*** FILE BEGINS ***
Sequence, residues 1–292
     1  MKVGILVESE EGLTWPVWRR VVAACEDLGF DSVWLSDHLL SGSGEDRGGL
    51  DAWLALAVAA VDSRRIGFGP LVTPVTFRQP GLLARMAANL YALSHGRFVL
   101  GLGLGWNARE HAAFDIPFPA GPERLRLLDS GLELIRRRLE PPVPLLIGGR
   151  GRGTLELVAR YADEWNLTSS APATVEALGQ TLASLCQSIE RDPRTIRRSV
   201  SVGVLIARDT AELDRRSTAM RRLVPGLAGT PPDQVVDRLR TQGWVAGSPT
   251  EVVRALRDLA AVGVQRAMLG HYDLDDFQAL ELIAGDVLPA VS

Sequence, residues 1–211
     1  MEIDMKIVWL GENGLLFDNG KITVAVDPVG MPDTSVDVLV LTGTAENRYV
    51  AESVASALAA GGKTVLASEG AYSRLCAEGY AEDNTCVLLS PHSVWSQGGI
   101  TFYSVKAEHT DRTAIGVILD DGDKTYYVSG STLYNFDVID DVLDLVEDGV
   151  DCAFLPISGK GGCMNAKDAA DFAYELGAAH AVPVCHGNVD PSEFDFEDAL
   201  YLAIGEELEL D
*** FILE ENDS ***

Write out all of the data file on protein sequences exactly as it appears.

Sequence, residues 1–292
     1  MKVGILVESE EGLTWPVWRR VVAACEDLGF DSVWLSDHLL SGSGEDRGGL
    51  DAWLALAVAA VDSRRIGFGP LVTPVTFRQP GLLARMAANL YALSHGRFVL
   101  GLGLGWNARE HAAFDIPFPA GPERLRLLDS GLELIRRRLE PPVPLLIGGR
   151  GRGTLELVAR YADEWNLTSS APATVEALGQ TLASLCQSIE RDPRTIRRSV
   201  SVGVLIARDT AELDRRSTAM RRLVPGLAGT PPDQVVDRLR TQGWVAGSPT
   251  EVVRALRDLA AVGVQRAMLG HYDLDDFQAL ELIAGDVLPA VS

Sequence, residues 1–211
     1  MEIDMKIVWL GENGLLFDNG KITVAVDPVG MPDTSVDVLV LTGTAENRYV
    51  AESVASALAA GGKTVLASEG AYSRLCAEGY AEDNTCVLLS PHSVWSQGGI
   101  TFYSVKAEHT DRTAIGVILD DGDKTYYVSG STLYNFDVID DVLDLVEDGV
   151  DCAFLPISGK GGCMNAKDAA DFAYELGAAH AVPVCHGNVD PSEFDFEDAL
   201  YLAIGEELEL D